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Life Health > Life Insurance

Rating Agency, UBS React To Debt Concerns

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Fitch Rating says it might cut the highly prized AAA ratings of some financial guarantors.

The cuts could result from a close look at the structured finance collateralized debt obligations the financial guarantors have insured, according to Fitch, Chicago.

The quality of the underlying collateral could play a big role in what happens to the risk ratings of the SF CDOs, and it’s possible that enough CDO ratings could “migrate” to hurt the ratings of some guarantors, Fitch says.

If a guarantor fell short of the Fitch capital requirements for a company with an AAA rating, Fitch would give the company a month to try to raise enough capital or reduce enough risk to allow the company to meet the AAA standards, Fitch says.

But Fitch “recognizes that recent capital markets volatility, including sharp declines in the share prices of the publicly traded financial guarantors, may make capital raising efforts difficult unless market conditions improve,” the rating agency says.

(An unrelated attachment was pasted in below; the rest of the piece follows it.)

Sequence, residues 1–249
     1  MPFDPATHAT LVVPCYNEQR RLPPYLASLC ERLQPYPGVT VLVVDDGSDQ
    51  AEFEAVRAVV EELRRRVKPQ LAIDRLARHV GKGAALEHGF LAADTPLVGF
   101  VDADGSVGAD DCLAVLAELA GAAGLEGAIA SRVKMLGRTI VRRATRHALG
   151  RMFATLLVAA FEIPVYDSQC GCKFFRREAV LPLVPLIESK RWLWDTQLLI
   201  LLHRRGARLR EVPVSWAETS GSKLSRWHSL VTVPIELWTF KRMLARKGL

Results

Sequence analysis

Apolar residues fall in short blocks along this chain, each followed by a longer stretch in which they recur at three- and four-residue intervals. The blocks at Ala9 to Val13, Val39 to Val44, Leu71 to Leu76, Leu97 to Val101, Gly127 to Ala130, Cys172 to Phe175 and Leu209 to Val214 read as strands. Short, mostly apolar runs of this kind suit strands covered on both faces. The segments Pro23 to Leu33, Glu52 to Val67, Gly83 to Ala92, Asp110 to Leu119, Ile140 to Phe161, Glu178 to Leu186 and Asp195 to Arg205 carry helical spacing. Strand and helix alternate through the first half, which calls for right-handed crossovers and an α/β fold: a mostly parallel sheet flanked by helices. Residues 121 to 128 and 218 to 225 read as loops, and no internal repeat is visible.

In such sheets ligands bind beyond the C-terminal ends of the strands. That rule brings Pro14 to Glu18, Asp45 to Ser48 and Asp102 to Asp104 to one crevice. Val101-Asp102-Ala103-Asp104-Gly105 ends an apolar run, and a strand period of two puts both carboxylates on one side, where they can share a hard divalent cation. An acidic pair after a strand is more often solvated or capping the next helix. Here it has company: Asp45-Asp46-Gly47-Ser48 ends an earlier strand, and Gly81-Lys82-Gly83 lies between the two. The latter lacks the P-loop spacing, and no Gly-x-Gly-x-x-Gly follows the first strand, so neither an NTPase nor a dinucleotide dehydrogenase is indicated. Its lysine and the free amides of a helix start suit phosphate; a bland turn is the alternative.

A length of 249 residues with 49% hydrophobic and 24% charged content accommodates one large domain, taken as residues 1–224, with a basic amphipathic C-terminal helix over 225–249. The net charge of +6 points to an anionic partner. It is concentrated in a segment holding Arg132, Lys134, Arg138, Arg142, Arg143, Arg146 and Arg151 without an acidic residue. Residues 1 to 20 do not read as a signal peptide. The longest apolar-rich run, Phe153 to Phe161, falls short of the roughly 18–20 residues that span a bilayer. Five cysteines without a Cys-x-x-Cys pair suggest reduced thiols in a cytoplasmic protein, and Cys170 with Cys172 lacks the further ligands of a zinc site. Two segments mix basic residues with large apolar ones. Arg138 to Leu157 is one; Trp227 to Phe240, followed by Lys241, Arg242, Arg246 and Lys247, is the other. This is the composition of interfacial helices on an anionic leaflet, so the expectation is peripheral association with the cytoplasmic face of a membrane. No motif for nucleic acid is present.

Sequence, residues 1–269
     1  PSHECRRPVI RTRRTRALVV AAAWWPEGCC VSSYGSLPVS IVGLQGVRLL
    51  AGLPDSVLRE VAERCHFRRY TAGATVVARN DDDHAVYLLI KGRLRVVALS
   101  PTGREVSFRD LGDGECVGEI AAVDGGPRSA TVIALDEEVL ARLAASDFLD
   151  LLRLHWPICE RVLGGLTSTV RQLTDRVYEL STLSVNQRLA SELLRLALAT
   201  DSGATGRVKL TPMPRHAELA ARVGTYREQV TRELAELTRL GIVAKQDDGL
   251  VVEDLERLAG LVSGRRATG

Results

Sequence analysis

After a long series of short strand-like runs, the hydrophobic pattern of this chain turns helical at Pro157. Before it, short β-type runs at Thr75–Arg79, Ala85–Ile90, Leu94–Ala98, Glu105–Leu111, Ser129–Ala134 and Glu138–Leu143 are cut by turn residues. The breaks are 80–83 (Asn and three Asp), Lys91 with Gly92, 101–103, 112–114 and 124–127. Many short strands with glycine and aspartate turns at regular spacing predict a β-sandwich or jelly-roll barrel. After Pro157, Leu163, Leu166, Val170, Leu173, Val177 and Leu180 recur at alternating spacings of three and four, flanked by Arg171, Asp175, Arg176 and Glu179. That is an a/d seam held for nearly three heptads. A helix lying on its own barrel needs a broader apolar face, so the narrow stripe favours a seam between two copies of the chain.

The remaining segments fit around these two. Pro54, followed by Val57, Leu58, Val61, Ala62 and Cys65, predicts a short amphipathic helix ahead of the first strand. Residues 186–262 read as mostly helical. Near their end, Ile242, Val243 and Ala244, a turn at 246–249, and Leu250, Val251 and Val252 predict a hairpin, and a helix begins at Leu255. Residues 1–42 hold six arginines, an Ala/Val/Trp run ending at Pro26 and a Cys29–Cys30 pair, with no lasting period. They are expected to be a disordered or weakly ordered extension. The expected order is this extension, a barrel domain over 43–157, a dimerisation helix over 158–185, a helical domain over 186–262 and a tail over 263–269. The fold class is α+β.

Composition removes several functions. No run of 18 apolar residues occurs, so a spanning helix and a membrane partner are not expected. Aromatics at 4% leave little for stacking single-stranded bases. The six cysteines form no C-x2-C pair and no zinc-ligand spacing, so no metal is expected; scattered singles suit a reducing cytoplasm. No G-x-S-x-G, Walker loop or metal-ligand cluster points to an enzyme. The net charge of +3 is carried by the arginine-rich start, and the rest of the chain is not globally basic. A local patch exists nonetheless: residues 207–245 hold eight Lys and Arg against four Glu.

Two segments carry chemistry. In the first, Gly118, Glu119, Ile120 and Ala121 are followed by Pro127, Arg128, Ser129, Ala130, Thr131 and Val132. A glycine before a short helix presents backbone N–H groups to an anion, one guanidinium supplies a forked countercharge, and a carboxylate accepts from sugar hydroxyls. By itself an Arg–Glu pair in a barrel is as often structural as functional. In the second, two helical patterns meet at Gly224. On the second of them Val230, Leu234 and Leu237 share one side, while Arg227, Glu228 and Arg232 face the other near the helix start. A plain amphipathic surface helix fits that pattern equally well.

Meanwhile, in related news, Andrew Kligerman, an insurance analyst at UBS Investment Research, New York, has published a comment on a recent conference call with Douglas Lucas, head of UBS collateralized debt obligation research, and Tom Zimmerman, head of UBS asset-backed securities research.

The experts talked about recent problems with U.S. mortgage loans issued to consumers with poor credit ratings, and the securities backed by those “subprime” mortgages.

The “subprime market has ‘shut down,’ exacerbating subprime collateral loss outlook and pressuring [the] housing market,” Kligerman writes in his comment.

“Mr. Zimmerman thinks a Fed bailout is unlikely, and Fed agency programs will only help better-credit subprime borrowers,” Kligerman writes. “He doesn’t expect the housing market to stabilize until affordability improves via either (20%) home price drop or [2 percentage point] cut in mortgage rates (which he views as unlikely).”

But 2006 and 2007 mortgages seem to be faring much worse than older mortgage “vintages,” and U.S. life insurers tend to own securities backed by older, higher-rated mortgages, Kligerman writes.

Even for loans in the 2007 vintage, hits to AAA-rated CDO tranches should be minimal, Kligerman writes.


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